So finally, I’m writing
I have been thinking about this all week, so I am finally going to write to show my shock at the state of the Junior High School Graduation Exam (Hui-Kao).
Question 15: “I’ve wanted to read the Diary of a Young Girl for months, ________ today I finally borrowed the book from the library.” (Answers: a. and b. since c. so d. until.)
The question is clearly not only wrong, it is embarrassingly so. This would be a non-issue except for the refusal to recognize the mistake.
From the time I was a little tyke in an American elementary school, teachers pounded the idea in our head that “so” is the natural opposite of “because.”
“Because I was a bad student, I didn’t always listen carefully,” or: “I was a pretty bad student, so I didn’t always listen carefully.”
Nonetheless, I know answer “c” is correct.
While answer “a” (“and”) is also grammatically correct, we are unfortunately always given the duty of trying to force students to choose the better of two correct answers.
Putting aside that this is the antithesis of learning and enjoying the freedom of language, the testmakers have not only gotten the answer wrong, they have made a fool of themselves in the process.
Somehow, they are using the addition of “finally” as an excuse, which has absolutely no effect on the conjunction. I could write examples until blue in the face, but I’ll stop at three:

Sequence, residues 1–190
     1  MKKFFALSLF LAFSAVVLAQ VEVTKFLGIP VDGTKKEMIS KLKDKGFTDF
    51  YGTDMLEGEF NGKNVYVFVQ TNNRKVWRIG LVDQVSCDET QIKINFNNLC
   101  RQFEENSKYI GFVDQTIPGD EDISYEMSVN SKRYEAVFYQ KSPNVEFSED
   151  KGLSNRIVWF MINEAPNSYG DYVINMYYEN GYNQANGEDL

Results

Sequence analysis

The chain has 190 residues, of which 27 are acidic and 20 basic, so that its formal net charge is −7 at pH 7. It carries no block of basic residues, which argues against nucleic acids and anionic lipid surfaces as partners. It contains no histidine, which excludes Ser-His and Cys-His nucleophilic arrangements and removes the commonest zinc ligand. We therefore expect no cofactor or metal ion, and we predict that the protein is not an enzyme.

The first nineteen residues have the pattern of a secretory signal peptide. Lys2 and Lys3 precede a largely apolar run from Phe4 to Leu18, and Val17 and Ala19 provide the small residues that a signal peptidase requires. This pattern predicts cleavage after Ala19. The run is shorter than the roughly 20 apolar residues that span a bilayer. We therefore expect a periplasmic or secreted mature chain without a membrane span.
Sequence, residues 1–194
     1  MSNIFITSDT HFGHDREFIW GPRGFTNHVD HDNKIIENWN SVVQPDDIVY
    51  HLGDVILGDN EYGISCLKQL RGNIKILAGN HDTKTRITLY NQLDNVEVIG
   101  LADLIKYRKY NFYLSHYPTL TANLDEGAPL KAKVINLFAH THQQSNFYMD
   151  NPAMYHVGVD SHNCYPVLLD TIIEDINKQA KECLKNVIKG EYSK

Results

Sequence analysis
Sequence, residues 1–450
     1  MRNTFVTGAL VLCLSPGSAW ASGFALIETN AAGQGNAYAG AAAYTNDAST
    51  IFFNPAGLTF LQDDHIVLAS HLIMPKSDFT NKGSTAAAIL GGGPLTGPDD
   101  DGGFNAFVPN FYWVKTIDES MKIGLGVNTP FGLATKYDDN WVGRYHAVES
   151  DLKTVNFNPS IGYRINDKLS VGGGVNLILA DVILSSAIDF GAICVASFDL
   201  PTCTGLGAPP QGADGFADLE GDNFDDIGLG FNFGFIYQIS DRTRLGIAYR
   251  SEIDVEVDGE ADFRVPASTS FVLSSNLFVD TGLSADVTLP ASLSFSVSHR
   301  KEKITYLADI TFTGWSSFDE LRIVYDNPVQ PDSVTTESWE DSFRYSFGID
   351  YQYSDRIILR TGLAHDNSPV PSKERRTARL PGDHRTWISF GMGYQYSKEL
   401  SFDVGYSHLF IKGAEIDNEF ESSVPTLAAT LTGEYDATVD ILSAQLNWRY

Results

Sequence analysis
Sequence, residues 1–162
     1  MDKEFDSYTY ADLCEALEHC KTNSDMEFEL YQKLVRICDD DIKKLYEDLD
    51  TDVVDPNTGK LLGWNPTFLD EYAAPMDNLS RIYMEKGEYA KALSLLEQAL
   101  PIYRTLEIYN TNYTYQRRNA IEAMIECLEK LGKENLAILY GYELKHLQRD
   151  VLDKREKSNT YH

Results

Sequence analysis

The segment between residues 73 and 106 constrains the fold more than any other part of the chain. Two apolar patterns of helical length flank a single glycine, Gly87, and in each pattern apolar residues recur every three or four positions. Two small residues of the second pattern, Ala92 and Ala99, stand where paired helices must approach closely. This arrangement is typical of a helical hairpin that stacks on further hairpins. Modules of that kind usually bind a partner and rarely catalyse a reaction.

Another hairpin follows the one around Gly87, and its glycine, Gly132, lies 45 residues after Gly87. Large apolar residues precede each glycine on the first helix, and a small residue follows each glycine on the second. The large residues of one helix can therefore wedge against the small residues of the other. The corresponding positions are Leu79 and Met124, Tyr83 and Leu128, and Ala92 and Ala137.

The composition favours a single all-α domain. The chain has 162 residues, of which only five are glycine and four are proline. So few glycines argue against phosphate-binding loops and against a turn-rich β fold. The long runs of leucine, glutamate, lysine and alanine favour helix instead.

“I’ve wanted to lose weight, so I finally joined a gym.”
“I’ve been thinking about my parents, so I finally called them on Saturday night.”
“I’ve seen so many mistakes like the one on this test, so I finally decided to write to show my disapproval.”
Here is my prediction: The government will stick to its guns and say a. is correct and c. is wrong.
This action will make them look foolish and further embarrass them, but if they admit the mistake, they would have to acknowledge that all the students who wasted minutes staring at this blaringly bad exam question lost additional points because they were so flustered by such a ridiculous question.
Finally, it is hard to believe the test makers deserve to be the arbiters of good grammar when question 13 also had a cringeworthy grammatical error: “Tomorrow we are all going back home and get ready for school.”
I’m not saying my grammar is flawless. (I may include grammar mistakes in this letter just to see who is paying attention.) However, in the event of a national exam, it is unthinkable that one qualified person couldn’t have given the test a once-over.
I’ll try to hide my eurocentric bias by saying: You didn’t even need to find a Westerner. I’m lucky to work with a dozen Taiwanese who would never have made such a mistake.
If this is the best we can do, should we be surprised that Taiwanese are falling behind in international English rankings and consider this essential world language a burden to learn?
I’ve said everything I have to say on the matter, so I will finally finish with this: Shame on you responsible for this and for not owning up to the mistake.
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